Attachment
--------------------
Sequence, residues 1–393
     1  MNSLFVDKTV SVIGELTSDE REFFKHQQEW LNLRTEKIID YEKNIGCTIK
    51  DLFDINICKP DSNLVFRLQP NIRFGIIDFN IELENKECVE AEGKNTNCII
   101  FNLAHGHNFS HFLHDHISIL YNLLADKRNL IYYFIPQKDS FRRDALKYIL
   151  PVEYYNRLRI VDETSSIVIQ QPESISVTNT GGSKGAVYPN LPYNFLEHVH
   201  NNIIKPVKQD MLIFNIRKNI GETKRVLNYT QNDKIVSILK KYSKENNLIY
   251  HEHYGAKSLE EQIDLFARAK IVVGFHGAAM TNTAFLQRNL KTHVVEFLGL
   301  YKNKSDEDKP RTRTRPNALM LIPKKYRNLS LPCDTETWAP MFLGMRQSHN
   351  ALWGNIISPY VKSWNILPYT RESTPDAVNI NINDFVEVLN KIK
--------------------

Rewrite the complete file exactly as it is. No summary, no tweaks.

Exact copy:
Sequence, residues 1–393
     1  MNSLFVDKTV SVIGELTSDE REFFKHQQEW LNLRTEKIID YEKNIGCTIK
    51  DLFDINICKP DSNLVFRLQP NIRFGIIDFN IELENKECVE AEGKNTNCII
   101  FNLAHGHNFS HFLHDHISIL YNLLADKRNL IYYFIPQKDS FRRDALKYIL
   151  PVEYYNRLRI VDETSSIVIQ QPESISVTNT GGSKGAVYPN LPYNFLEHVH
   201  NNIIKPVKQD MLIFNIRKNI GETKRVLNYT QNDKIVSILK KYSKENNLIY
   251  HEHYGAKSLE EQIDLFARAK IVVGFHGAAM TNTAFLQRNL KTHVVEFLGL
   301  YKNKSDEDKP RTRTRPNALM LIPKKYRNLS LPCDTETWAP MFLGMRQSHN
   351  ALWGNIISPY VKSWNILPYT RESTPDAVNI NINDFVEVLN KIK